- Search Jobs
- Employer Directory
- Career Center
- My Tools
- Other GN Sites
Many people begin job hunting in a rush to get out of a particular situation in their current role. This could be set off by a change in their circumstance, a new boss or a foreseeable layoff that is forcing them to make the move to avoid unemployment.
Although it is good to act quickly when things start going downhill, being rushed can be damaging to job prospects. When unprepared and your efforts are triggered by an event, you are less likely to maintain the positive outlook that employers look for in candidates. You may appear nervous, desperate, bitter, or even worse, on the verge of getting fired.
So how can you balance your need for a new job fairly quickly with presenting yourself appropriately? Here are a few tips that can help you achieve this goal.
Make a decision first
Think clearly about your alternatives to getting a new job. Are you reacting to an event that may have been exceptional? Apart from this event, would you — in this stage of your career — feel comfortable changing jobs?
Factors that you might consider are: How long have you been with the employer? That is because you don't want to be seen as a job-hopper. Is your move likely to bring about a better job in terms of status, title, money, etc.? Finally, whether you'd have changed jobs anyway if something popped up that meets your expectations.
If you find out that the sole reason you want to change jobs is that one event, you probably should stick around longer and work things out. If you have reached a stage where you would have changed jobs anyway and are in a position to move, this could be the right time.
Once you make this decision, be aware that the event could just have been the last straw, or the nudge needed to move on. So don't blame the move on this one instance. Trying to see the overall picture for your decision to change jobs will help you act out of confidence.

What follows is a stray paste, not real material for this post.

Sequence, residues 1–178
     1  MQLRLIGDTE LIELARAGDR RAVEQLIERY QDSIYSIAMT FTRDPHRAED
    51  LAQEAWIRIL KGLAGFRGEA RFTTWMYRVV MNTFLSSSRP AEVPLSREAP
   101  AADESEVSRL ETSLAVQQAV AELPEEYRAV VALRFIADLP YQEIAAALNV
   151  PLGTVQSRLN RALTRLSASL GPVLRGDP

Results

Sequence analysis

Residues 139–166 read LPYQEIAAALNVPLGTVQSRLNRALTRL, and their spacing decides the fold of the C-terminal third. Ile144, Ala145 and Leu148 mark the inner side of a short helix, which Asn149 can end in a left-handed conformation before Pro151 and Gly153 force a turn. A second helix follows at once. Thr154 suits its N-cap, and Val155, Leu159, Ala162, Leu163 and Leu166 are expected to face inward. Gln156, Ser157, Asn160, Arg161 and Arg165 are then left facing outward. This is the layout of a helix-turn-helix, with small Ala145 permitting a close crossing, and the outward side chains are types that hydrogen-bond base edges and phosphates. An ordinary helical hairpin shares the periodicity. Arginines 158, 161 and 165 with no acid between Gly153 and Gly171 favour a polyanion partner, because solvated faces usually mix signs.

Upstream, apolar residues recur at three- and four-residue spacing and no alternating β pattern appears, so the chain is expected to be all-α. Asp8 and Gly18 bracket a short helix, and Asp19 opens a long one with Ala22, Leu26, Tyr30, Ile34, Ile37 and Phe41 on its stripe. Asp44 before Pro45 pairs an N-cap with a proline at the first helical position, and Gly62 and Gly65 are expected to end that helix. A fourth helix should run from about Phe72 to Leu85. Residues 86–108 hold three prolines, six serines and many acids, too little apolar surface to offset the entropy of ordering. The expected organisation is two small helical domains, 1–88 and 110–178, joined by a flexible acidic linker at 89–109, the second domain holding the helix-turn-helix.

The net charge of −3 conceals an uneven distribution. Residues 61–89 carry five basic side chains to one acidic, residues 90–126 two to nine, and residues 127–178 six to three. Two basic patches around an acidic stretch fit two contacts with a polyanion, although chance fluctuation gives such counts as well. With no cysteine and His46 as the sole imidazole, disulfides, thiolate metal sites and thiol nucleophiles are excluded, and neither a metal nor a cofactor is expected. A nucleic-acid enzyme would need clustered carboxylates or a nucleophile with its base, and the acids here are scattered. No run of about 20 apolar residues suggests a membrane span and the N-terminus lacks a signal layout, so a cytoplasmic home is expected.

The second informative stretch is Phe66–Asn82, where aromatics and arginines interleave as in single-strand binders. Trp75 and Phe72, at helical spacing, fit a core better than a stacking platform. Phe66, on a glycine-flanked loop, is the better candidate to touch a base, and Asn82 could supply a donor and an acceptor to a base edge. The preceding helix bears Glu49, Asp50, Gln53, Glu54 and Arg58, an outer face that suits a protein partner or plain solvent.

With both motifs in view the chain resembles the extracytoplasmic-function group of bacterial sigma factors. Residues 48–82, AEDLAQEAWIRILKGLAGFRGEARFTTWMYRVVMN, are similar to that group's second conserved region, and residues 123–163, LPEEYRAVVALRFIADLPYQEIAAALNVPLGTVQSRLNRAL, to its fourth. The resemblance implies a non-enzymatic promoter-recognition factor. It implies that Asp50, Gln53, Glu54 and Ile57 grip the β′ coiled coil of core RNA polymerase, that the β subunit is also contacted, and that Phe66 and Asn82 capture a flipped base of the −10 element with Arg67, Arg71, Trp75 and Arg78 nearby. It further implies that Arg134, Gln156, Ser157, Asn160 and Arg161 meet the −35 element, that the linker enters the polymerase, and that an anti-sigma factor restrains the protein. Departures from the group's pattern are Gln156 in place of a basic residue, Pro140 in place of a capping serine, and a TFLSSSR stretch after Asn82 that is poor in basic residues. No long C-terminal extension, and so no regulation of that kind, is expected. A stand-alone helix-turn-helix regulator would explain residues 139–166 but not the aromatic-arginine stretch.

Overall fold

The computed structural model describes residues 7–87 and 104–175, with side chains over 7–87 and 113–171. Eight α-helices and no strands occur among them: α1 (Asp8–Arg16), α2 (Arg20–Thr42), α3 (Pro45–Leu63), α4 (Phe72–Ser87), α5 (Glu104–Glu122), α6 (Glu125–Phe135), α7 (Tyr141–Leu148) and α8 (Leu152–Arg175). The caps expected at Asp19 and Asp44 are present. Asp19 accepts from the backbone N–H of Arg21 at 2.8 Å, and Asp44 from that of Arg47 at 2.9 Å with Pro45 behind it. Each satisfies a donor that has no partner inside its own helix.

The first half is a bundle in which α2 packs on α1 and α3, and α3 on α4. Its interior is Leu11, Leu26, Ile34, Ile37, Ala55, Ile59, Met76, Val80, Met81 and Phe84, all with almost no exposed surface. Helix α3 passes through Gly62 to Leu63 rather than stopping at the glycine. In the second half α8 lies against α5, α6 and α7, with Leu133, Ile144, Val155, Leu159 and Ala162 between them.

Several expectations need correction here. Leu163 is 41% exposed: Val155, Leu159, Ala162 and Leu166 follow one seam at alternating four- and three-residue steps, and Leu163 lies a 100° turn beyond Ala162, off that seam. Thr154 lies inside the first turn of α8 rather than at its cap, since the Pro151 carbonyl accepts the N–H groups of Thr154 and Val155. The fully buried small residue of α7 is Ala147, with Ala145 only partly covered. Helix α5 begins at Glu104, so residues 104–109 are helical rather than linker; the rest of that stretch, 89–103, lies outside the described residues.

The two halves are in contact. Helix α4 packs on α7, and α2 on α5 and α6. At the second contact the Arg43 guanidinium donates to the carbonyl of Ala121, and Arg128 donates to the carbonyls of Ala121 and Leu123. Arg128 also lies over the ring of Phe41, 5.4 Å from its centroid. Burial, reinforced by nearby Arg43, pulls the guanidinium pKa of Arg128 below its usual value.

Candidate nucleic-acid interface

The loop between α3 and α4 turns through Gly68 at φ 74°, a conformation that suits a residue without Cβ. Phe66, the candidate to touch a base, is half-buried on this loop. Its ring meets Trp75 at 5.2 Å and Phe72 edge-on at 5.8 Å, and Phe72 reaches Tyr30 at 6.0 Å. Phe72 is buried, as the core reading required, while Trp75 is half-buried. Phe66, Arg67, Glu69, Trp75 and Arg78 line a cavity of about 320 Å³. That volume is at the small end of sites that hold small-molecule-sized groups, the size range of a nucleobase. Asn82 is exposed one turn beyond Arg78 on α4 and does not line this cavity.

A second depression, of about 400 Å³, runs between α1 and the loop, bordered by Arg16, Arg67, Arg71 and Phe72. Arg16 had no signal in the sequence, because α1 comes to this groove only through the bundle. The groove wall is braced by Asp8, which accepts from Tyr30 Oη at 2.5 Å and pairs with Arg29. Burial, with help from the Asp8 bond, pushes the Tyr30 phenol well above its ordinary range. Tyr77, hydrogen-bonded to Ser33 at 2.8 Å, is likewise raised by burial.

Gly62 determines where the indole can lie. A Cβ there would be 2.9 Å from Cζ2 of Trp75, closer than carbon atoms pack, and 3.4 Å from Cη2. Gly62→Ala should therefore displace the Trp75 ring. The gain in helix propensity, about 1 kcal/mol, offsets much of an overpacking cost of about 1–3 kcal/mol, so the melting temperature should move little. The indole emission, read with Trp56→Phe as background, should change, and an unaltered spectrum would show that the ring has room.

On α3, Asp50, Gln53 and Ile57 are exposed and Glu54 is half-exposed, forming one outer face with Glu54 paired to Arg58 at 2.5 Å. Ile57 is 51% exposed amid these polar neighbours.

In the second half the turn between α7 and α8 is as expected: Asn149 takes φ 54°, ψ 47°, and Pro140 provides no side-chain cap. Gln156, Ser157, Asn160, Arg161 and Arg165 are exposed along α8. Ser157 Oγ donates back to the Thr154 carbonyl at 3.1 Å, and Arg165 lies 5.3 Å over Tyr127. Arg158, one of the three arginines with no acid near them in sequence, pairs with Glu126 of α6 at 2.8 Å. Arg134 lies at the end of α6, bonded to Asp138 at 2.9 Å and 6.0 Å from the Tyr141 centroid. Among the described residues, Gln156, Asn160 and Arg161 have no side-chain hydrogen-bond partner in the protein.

If you have an argument with your supervisor in the morning, do not go home and start sending out resumes. Take your time to think and comprehend what happened. In addition, take a close look at what you are sending out.
You never know: The best job opportunity for you out there could be the first one that you apply. If you send a sloppy cover letter and a dated resume you probably will be shooting yourself in the foot.
In addition, get ready mentally for the entire job-hunting process. If you have been through this, you probably know you will need patience, persistence and a lot of positive attitude. If still worked up about what happened in the current job, you may find it difficult to shift moods.
A day or two can make a huge difference in how prepared you can become, and the opportunities probably will be still there for you.
Keep a positive outlook
If called for a phone interview or an in-person interview, remember to stay positive about yourself, your career and the current situation as much as possible. Avoid taking questions such as, ''why do you want to change jobs?'' as an invitation to badmouth the current employer.
In fact, if you're going through a really difficult situation, prepare a script to answer such a question and any potential follow-up questions.
Being bitter during a job interview is often discouraging for future employers. If you seem like you've lost your passion for the career or simply trying to move to any other job, the employer will wonder if the attitude has contributed to the current job crisis. The best approach is to alienate the problem as much as possible, be positive, and present yourself as the right fit for the opportunity being interviewed for.
How to avoid impulse job hunting
Don't rush into job interviews.
Evaluate your entire career and job situation.
Look into alternatives.
Remember not to badmouth your employer.
Here's a guide on homing in on the small hurdles and overcoming them
Source: Rania Oteify, Special to gulfnews.com
The writer, a former Gulf News Business Features Editor, is a Seattle-based editor